Road to Recovery

Road to Recovery

With the demands of coursework and the distractions of modern life, conquering college can take a village. And when you arrive on campus after having overcome drug or alcohol addiction, that collective effort may even determine whether or not you walk through Porters Lodge with a degree in hand.

The newfound freedom of college brings with it new notions to consider, new hats to try on and new social settings that are sometimes stocked with temptation. For those in recovery, this can present considerable challenges to remaining sober.

Then there are the rigors of college-level classes, which call for skills these students may not have mastered during the years they struggled with addiction. Without a safety net to help reinforce scholarly habits, such as good study practices and time management, life on campus can feel like swimming upstream in unpredictable rapids.

Alicia Caudill, the College’s executive vice president of student affairs, and her team know the statistics when it comes to students dealing with substance abuse, and they want to make sure these students don’t face these hurdles alone. A study from the National Center on Addiction and Substance Abuse estimates that around 21 percent of college students nationwide meet the medical criteria for substance abuse or dependence. What’s more, the study reports 37 percent of them fear seeking help because of social stigma.

National trends show many campuses are enhancing their focus on student wellness through a service referred to as a collegiate recovery program. Caudill explains, “For students who have had the courage to enter treatment and the strength to continue on that journey, this program provides physical and psychological space for students to make deep connections with other students
and professionals who understand their journey.”

The Division of Student Affairs is well underway in establishing the College’s first collegiate recovery program, which will help normalize sobriety and serve as a beacon for those still struggling. The program will offer social activities and academic assistance to buoy students up, while at the same time holding participants accountable for their role in navigating their recovery from addiction. By supporting recovery through collaboration, guidance and expertise, the program will provide the crucial structure needed for these students to thrive.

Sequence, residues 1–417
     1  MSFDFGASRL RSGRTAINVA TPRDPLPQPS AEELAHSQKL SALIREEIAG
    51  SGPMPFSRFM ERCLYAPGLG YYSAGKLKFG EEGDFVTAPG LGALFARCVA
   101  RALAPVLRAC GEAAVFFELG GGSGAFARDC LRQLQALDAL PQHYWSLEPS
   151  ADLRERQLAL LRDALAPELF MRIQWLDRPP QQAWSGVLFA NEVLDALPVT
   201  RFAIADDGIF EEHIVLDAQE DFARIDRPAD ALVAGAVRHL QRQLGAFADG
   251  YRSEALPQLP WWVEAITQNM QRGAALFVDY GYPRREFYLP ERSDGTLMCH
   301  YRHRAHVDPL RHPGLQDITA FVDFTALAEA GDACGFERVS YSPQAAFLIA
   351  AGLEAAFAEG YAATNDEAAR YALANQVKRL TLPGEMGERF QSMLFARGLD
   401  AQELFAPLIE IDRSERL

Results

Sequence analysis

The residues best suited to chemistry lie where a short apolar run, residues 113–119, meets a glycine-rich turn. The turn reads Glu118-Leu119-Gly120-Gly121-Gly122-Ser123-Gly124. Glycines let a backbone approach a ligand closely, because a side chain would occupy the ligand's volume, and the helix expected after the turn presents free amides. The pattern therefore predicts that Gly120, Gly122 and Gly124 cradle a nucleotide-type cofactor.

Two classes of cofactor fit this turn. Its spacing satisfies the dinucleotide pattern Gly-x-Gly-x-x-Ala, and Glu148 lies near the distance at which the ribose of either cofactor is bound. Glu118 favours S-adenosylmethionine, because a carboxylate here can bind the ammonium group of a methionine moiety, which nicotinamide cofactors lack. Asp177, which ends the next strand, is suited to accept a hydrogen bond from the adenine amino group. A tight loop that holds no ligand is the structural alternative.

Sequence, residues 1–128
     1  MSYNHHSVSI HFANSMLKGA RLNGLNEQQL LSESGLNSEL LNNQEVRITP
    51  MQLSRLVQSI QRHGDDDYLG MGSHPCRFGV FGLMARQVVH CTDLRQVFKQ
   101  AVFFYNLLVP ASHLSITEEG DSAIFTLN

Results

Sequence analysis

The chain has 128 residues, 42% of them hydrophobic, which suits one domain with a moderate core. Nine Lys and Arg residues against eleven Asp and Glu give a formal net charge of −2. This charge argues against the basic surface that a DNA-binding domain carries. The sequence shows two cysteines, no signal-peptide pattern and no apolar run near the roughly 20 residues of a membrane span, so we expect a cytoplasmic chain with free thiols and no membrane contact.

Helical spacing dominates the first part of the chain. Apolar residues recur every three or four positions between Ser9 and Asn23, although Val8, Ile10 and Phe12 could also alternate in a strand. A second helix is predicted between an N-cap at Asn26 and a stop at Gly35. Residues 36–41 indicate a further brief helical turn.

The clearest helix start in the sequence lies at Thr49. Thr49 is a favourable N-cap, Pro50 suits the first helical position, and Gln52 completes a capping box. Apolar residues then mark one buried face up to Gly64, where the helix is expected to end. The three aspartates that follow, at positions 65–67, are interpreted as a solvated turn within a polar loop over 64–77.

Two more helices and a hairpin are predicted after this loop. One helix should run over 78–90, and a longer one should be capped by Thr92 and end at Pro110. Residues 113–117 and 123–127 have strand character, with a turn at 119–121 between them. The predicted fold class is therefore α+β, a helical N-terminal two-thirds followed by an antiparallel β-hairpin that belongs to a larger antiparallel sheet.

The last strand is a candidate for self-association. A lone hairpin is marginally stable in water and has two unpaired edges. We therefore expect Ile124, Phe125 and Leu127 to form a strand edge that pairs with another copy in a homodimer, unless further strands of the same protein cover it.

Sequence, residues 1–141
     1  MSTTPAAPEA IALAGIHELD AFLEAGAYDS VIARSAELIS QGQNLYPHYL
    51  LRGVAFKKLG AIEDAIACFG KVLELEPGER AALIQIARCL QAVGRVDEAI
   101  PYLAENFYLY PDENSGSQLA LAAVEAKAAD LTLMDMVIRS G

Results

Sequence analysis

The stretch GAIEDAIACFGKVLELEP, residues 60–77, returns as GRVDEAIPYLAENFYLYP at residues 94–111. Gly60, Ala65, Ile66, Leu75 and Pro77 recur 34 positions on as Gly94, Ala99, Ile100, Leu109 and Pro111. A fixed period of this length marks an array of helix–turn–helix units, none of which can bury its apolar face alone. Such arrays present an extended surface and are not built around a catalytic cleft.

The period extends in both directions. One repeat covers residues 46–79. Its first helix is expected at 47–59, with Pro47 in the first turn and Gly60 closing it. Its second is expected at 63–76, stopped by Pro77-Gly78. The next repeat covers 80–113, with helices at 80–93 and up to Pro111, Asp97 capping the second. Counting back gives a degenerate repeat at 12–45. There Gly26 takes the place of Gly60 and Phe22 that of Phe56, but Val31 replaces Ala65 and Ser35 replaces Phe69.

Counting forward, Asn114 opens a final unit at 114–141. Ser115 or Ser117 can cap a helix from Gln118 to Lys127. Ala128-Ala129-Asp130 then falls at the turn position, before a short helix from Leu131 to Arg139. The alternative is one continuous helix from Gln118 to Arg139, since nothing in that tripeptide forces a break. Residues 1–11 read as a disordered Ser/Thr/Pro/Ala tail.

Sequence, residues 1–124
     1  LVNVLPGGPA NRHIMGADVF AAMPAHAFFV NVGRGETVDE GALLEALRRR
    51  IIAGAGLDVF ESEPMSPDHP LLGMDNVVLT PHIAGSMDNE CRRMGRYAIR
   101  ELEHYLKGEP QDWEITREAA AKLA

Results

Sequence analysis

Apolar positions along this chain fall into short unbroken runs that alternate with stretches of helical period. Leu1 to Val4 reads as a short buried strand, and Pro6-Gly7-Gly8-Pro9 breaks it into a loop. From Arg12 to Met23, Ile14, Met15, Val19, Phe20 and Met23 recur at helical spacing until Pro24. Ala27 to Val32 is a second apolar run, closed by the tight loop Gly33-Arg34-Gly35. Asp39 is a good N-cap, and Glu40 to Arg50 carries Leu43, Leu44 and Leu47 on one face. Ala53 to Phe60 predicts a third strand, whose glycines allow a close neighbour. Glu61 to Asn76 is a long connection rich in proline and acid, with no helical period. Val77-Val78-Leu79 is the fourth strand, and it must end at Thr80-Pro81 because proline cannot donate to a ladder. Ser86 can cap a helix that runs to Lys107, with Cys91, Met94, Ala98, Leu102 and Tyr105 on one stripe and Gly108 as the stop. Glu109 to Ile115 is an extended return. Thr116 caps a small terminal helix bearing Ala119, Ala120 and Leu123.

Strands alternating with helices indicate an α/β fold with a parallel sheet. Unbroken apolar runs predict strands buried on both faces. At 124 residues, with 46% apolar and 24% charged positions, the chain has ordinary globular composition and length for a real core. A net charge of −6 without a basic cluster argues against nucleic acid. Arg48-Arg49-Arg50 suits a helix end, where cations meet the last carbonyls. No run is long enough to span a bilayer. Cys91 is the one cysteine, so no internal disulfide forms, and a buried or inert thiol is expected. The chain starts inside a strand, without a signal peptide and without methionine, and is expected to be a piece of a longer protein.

To get the program off the ground, Caudill needed support, too. Such an endeavor requires a director with counseling accreditations – and that requires funding. Thankfully, she found a fast friend in Patty Scarafile ’66 (pictured here). Scarafile learned about the program through her recovering son and his friend Steve Pulley, who’s been working behind the scenes to help the College launch it. When Pulley mapped out the concept, it went straight to Scarafile’s heart: “When Steve told me about the plans, my first words were, ‘How can I help?’”

Scarafile’s contribution has been a game-changer. Along with making a personal donation to the program, she hosted a networking event at her home that inspired many others to rally around the program as well. What’s more, Scarafile championed the program in her role as CEO of Carolina One Real Estate, recommending it for a donation from its Michael O’Shaughnessy Foundation. The foundation’s support has also been instrumental in helping to launch the program.

The potential of this program has just begun, both for arriving students and for those who are graduating. “Kids who have been using have less than a stellar résumé,” says Scarafile. “But after they have achieved sobriety, and fought that tough fight, they often become better, smarter and more mature. And, they will go out into the world and help others overcome their battles.”

And, with encouragement from a community leader like Scarafile, the impact of such a program is quickly extending beyond the confines of campus.

“The support has been incredible and will change the lives of the students in the program,” says Caudill. “They are also changing the lives of those in our greater community, including me, whom these students touch with their stories of courage, intellect and success.”

This great cycle of giving illuminates just what it is that we all need to heal: the right help from the right people.